Before the California Legislature adjourned this month, it managed to fulfill most of wishes of majority Democrats’ favorite interest groups, most notably labor unions.
However, legislators left town without doing anything concrete about something that threatens the psychic and economic wellbeing of millions of homeowners and those who aspire to ownership: the rapidly shrinking availability of residential fire insurance.
One by one, insurers have been reducing or eliminating their exposure in California, having paid out billions of dollars to cover losses from years of major wildfires and, they say, facing a fire threat that is likely to increase with climate change.
With Gov. Gavin Newsom and Insurance Commissioner Ricardo Lara involved in the background, there were weeks of private negotiations among legislators, insurance lobbyists and other stakeholders on how to bolster the state’s insurance market.
However, the negotiations ended a week before the Legislature adjourned without agreement, signaled when state Sen. Bill Dodd, a Democrat whose Napa-centered district is one of the state’s most fire-prone regions, sent a text message: “Deal is dead. Very frustrating.”
The discussions revolved about changing the way insurers calculate risk, from basing it on past experience to including potential future risk. Such a change would probably increase premiums and legislators wanted ironclad assurances that the companies would continue writing policies in fire-prone areas if the change was made.
As the session ended, there were public assurances that the issue would not be forgotten.
“We hear loud and clear from our residents that access to insurance is a problem,” Assembly Speaker Robert Rivas said in a statement.
The Legislature’s departure punted the issue, at least for a few months, to Lara and Newsom, who said, “We can do a lot of things. And I’m very mindful. We can do all of that.”
However, Newsom didn’t list any specifics. Last Thursday, he issued an executive order urging Lara to “take action to stabilize and improve California’s property insurance marketplace.”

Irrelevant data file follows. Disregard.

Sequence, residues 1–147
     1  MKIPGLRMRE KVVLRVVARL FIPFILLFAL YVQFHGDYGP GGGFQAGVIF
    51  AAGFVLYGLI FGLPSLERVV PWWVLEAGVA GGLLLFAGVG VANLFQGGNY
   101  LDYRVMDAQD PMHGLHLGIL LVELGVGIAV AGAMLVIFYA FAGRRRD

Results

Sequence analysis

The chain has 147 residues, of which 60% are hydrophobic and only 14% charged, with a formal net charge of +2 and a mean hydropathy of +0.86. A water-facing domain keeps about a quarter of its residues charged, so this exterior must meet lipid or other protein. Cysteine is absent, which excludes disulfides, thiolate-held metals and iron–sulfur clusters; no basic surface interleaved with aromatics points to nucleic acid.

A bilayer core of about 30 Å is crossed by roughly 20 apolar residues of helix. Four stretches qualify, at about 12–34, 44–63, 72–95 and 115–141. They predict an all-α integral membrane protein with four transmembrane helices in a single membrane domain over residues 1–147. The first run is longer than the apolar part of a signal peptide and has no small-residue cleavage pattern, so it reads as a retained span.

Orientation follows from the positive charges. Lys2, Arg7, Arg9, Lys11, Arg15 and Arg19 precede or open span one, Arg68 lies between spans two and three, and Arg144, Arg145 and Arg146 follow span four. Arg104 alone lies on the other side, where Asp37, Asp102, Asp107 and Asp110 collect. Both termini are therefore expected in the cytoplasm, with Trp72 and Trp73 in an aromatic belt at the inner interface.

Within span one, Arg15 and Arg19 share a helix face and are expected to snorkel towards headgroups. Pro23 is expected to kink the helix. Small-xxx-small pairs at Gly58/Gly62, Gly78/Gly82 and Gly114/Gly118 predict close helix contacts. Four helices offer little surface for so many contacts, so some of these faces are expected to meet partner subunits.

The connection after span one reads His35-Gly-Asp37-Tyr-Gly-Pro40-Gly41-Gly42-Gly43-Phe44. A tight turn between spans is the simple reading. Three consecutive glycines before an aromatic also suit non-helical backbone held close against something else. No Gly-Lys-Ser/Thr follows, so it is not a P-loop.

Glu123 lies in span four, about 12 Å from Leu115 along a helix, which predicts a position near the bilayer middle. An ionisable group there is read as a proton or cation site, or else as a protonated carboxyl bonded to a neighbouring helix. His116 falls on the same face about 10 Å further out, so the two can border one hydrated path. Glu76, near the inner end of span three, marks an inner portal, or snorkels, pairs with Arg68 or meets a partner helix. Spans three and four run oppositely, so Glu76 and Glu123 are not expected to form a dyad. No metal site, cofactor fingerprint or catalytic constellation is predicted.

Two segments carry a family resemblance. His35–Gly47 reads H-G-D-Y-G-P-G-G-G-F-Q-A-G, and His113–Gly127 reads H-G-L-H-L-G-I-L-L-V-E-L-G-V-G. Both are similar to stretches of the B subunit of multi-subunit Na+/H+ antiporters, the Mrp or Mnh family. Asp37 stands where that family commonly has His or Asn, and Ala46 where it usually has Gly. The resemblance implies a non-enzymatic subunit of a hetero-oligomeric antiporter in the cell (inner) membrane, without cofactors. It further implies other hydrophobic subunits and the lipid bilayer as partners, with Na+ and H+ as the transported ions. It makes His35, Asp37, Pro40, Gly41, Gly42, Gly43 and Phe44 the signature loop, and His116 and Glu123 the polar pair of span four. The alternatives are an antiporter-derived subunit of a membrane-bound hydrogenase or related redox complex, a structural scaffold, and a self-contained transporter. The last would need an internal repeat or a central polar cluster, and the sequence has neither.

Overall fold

Almost immediately, Lara issued new rate-setting regulations, which he had described earlier as “a package of regulatory solutions that will streamline the department’s rate review process, opening it equitably to public input – not just the entrenched interests that have benefited materially from the status quo.”
Newsom, Lara and the regulations drew praise from the American Property Casualty Insurance Association, which said, “Everyone understands that California’s insurance market is in a spiraling crisis that requires immediate policy solutions to protect consumer access to the coverage they need.”
Given industry support, it’s likely that the new regulations will allow it to include, at least to some extent, estimates of future risk from wildfires in their rates which would probably lead to premium increases.
Newsom stopped short of declaring an emergency in Thursday’s executive order, which would have given Lara the authority to issue new rate-setting rules without going through the usual procedural hoops.
Earlier in the day, Consumer Watchdog, the organization that sponsored a 1988 overhaul of insurance regulation, Proposition 103, and has been a critic of Lara from virtually his first day on the job, issued a warning to Newsom and Lara about proceeding on an emergency basis.
Later, the organization said, Lara’s move “would allow insurance companies to use secret algorithms to set rates for homeowners’ coverage for wildfire and to add reinsurance costs to premiums will lead to higher insurance premiums.”
So there it is, a complex mélange of economic, political and societal factors and a huge tradeoff between the availability of coverage, which is mandatory for anyone having a mortgage, and the costs.
CalMatters.org is a nonprofit, nonpartisan media venture explaining California policies and Politics. This article is republished with their permission.